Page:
You get to name where a person is born and their parents, and so that really enabled me to get as far back on that line as I could. We know that the census did not record the whole names of most enslaved people and so it's really difficult. I connected Henry probably to the man that held him in bondage by tracing him, he was listed as mallato in most of the censuses and I had a pretty good sense of his age. He chose the name Rucker and Freedom probably connecting him to, not just the owner, but the community of people held by a man named John Rucker.
It was through those kinds of connections I could look through the slaves senses and see a mallato about that age held pretty consistently over time, and so I could make that connection. I also saw the name Henry and Rucker's will being passed down to a son and with no mention of his family, of his wife or his children being passed to that same son.
Fortunately, he's freed before that might happen to him, but it's a reminder of the violence of dispersal, of being sold away, of a death of an owner can wreak havoc in the lives of the enslaved, and break those important ties of love and familial connection of a people who have systematically suffered from those kinds of dislocations, from the Middle Passage all the way through to the civil war.
Melissa Harris-Perry: Rachel, I want to pick up on this same theme you were working on a new book in which you are writing about the Georgetown University, the sale of enslaved people by Jesuits and trying to understand, again, the depth of the harm done. That it is not just about reparative action for this individual, but for the entire network of community that is harmed. Can you talk a bit about your personal and journalistic work and those connections in a similar way?
Rachel: Well, I think it's important even as these ads show us the individual human stories which are so critical. It's also important to understand that slavery was a system that fueled the growth of many of our contemporary institutions including Georgetown University and the early Catholic church. Edward Taylor, whose story I was describing a bit earlier, was one of the more than 272 people who were sold to help keep Georgetown afloat in 1838. It's important to both keep an eye on the individual stories and the broader structural forces that are at play.
In terms of personal work, and this also plays into the story that I wrote for the New York Times, DNA testing has become a really important tool for many African American families, for Edward Taylor's family, his descendants. The one that I wrote about that was how she realized her connection, she did a test, an ancestry DNA test, and discovered that she had this connection to this community of people who were shipped from Maryland to Louisiana in this slave sale to benefit Georgetown.
That's how she found out about these ads, actually, from a historian at Georgetown University. For me, DNA testing has also been a helpful thing in terms of finding connections. In fact, connecting with people who have been able to provide me with more information than I ever would have imagined was possible. I feel like we are living in a time where all of these tools, the digitization of all of the documents that Blair is talking about, plus these 21st century tools like DNA testing are really helping African American families and individuals helping us find our people.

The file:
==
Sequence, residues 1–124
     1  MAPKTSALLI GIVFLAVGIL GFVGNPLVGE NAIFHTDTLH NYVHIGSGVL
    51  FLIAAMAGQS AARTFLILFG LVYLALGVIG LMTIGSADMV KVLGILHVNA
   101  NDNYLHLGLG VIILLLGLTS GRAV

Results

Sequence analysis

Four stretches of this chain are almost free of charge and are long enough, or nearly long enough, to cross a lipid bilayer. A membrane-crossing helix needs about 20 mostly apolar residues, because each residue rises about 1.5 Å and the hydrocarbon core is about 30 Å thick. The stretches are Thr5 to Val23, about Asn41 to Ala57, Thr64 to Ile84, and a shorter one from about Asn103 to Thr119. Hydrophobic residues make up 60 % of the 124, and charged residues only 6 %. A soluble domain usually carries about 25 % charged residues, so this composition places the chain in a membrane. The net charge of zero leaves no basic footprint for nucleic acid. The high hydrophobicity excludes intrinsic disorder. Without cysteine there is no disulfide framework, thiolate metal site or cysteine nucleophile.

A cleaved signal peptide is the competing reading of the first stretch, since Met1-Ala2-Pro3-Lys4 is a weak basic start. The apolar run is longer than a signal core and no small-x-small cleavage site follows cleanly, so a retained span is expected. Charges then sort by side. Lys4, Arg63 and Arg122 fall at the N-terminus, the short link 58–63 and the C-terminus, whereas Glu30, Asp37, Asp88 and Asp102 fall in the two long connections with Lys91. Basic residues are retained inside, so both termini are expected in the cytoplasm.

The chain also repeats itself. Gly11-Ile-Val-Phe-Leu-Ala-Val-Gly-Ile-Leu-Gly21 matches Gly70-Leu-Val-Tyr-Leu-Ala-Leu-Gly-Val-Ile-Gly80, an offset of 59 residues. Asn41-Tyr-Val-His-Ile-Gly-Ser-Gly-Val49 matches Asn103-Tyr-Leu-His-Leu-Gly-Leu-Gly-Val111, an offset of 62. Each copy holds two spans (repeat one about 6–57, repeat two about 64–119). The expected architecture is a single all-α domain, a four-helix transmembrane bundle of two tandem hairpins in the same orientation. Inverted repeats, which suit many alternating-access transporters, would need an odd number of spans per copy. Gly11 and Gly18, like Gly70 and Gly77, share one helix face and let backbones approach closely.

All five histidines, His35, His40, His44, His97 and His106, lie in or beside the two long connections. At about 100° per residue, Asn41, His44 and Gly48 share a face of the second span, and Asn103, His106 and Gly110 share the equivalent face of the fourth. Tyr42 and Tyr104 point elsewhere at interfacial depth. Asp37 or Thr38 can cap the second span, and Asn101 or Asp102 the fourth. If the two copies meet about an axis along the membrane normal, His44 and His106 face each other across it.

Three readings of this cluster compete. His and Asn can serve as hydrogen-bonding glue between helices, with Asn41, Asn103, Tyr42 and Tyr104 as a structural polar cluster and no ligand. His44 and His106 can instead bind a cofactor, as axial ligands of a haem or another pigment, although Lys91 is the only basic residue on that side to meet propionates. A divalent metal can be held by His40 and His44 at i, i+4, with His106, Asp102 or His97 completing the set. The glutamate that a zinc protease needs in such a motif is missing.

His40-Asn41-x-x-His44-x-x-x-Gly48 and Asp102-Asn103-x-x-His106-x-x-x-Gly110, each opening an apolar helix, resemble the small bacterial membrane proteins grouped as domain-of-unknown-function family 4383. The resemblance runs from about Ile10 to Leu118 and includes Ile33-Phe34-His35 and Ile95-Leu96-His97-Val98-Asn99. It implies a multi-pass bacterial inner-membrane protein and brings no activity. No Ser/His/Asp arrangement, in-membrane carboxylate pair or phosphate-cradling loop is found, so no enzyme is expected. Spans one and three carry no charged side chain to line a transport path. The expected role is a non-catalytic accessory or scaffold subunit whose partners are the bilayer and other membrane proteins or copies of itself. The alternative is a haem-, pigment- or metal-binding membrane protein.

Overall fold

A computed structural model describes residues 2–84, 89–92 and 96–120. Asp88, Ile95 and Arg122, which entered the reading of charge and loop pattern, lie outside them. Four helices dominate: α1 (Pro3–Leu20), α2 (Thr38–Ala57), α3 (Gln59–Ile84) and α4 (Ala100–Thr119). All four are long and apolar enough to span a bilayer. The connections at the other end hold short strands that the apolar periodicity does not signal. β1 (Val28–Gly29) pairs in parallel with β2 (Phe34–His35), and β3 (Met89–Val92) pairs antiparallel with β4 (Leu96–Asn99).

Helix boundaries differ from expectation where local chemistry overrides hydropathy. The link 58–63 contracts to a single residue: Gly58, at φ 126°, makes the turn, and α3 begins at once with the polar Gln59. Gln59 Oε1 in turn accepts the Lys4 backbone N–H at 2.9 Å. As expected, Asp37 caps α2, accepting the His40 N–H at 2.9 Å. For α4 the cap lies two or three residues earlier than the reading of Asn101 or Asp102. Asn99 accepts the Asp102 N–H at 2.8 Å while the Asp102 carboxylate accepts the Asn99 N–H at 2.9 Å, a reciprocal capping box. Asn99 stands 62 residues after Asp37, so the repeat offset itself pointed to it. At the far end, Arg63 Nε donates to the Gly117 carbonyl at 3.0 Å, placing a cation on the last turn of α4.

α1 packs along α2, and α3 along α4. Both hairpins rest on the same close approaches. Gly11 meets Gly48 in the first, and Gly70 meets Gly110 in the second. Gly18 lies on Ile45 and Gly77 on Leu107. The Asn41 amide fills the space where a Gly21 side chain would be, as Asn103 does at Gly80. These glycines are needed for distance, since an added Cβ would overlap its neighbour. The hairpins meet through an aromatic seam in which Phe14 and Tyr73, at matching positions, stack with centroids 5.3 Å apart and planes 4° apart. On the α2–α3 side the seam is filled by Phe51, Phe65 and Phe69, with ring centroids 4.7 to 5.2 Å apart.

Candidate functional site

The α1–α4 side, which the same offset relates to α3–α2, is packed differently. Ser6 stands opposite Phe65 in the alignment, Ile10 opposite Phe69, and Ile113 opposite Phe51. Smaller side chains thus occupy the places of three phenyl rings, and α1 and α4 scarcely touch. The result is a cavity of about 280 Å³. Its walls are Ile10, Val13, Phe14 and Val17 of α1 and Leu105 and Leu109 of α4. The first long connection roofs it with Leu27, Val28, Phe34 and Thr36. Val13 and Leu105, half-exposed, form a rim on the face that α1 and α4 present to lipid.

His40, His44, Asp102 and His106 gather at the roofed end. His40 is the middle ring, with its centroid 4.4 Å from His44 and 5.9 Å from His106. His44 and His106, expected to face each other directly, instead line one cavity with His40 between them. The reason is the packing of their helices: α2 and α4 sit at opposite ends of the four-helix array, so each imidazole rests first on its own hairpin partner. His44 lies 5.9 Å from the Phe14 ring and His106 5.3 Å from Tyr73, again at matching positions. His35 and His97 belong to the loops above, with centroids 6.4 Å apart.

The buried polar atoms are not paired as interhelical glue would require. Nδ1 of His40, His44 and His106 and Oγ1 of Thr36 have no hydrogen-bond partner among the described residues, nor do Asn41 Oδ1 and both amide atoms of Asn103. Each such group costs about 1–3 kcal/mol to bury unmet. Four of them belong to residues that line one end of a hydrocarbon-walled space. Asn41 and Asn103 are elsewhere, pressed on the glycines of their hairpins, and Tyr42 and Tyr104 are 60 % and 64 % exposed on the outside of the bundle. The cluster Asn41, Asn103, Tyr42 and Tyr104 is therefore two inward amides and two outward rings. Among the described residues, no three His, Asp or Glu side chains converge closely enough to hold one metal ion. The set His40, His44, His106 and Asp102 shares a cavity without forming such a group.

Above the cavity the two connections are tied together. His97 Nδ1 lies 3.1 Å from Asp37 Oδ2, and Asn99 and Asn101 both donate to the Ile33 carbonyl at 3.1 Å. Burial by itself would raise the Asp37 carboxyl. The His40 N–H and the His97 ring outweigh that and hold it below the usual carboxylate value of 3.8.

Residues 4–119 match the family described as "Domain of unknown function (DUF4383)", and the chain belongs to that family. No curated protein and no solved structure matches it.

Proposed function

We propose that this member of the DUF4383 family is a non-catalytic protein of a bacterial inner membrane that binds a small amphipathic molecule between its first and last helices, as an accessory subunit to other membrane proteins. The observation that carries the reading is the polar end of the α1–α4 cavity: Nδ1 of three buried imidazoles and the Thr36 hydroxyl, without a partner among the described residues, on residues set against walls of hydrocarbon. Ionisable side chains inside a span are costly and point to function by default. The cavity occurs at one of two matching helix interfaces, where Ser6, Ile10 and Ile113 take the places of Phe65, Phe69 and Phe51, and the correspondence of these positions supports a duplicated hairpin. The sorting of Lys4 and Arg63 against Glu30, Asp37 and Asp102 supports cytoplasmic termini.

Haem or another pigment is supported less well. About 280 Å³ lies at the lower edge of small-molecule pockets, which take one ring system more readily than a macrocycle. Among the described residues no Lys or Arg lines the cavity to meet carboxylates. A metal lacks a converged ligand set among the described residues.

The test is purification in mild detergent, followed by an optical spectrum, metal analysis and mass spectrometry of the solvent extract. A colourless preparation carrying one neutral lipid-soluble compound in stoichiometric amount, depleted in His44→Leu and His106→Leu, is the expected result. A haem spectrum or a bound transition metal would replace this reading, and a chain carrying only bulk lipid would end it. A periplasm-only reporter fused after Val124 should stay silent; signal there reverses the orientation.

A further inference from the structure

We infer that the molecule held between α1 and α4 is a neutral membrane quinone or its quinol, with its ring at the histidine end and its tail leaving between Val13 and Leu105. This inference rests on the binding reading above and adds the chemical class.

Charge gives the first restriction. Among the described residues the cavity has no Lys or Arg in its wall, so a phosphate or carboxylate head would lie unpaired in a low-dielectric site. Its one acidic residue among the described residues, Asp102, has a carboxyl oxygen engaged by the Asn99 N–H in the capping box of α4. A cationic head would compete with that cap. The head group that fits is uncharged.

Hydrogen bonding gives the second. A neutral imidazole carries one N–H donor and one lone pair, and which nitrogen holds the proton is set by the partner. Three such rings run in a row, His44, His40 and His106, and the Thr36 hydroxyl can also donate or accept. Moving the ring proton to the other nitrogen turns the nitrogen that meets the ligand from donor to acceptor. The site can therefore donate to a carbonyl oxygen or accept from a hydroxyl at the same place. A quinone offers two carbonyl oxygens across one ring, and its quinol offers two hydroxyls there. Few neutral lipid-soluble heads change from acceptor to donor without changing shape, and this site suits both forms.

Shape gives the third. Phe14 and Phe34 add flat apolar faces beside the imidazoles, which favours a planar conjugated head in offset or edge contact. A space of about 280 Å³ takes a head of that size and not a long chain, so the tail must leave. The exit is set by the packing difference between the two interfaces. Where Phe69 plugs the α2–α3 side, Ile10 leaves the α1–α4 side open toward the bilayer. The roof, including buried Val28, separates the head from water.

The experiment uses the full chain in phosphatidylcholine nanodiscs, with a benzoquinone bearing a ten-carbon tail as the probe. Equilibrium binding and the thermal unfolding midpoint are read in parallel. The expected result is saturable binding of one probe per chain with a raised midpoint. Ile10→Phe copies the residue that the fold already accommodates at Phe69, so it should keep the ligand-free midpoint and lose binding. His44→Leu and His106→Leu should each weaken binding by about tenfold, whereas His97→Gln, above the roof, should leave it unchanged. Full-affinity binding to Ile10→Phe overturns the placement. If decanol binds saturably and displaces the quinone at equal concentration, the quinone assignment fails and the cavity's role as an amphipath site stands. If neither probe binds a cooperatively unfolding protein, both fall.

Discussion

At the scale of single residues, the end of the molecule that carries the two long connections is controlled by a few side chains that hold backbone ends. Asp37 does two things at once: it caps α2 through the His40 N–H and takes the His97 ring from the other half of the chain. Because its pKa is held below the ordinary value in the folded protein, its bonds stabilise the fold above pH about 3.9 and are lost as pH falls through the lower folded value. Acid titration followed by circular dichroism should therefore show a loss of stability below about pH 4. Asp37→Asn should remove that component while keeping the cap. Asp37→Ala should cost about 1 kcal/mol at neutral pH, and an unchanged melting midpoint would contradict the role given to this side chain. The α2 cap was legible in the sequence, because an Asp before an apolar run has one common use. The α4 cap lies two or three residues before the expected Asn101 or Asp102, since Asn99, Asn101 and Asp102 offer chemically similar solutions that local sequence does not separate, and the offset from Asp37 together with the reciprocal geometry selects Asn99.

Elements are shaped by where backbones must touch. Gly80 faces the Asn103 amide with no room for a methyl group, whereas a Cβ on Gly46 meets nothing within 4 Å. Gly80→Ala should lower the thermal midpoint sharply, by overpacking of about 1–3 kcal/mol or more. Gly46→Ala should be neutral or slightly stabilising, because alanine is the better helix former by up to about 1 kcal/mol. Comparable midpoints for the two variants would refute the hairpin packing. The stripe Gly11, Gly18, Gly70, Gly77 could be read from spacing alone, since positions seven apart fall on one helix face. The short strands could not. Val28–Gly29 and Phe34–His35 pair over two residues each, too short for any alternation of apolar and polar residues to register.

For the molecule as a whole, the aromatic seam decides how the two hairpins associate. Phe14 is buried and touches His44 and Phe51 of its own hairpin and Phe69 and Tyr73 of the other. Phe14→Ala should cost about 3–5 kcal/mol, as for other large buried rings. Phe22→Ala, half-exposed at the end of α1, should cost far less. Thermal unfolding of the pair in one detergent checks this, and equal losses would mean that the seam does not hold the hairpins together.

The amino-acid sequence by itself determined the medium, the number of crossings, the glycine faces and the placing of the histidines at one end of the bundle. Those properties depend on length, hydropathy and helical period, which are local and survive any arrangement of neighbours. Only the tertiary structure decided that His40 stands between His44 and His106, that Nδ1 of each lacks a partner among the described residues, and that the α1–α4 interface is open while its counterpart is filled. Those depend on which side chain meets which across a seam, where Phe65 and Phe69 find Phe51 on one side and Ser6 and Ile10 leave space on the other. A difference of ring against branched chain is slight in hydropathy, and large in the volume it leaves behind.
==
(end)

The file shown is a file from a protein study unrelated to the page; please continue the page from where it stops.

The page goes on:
Melissa Harris-Perry: Blair, you want to weigh in on DNA as part of this?
Blair: I think it can be helpful. The most interesting stories I've heard are people finding secrets about their own families in terms of siblings and half step-parents and things that they did not know prior to it. It's also a reaffirmation of family and connection of far-off cousins. I did my DNA a few years ago after my mother passed away, and I found what I call DNA cousin, who I spoke to and who said that her mother had named her Geraldine after my mother's middle name.
She was so fond of it and my mother's family called her Gerry for short for her middle name, Geraldine. My grandmother and her grandmother were cousins and visited each other in Thomasville, one of the places that they lived along the migration route from South Carolina, and was marked by the story of my mother, a person she never met because they had the same name.
I thought that was so powerful that a person I would never have otherwise known was named after my mom and connected and showed that community of cousins who cared for each other and supported each other as they migrated from one place to another. A reminder of those important networks that people used to support them as they tried to find a better place and a better way, and to contest segregation and the limitations of race all around them, they were still leaning on those family roots to do so. That was probably my most important DNA cousin.
Melissa Harris-Perry: I did not know that story. I did have the pleasure of knowing your mother, at least a little in her life. She is quite a force to be named for. What a lovely story. Blair Kelley is a professor of history at North Carolina State University. In January, she'll become director of the Center for the Study of American South at UNC-Chapel Hill. her new book, Black Folk: The Promise of the Black Working Class will be out in June of 2023. Also, with us Rachel Swarns, Contributing Writer at the New York Times and associate professor of journalism at NYU. Thank you, Blair. Thank you, Rachel, for being here.
Blair: Thank you.
Rachel: Thank you.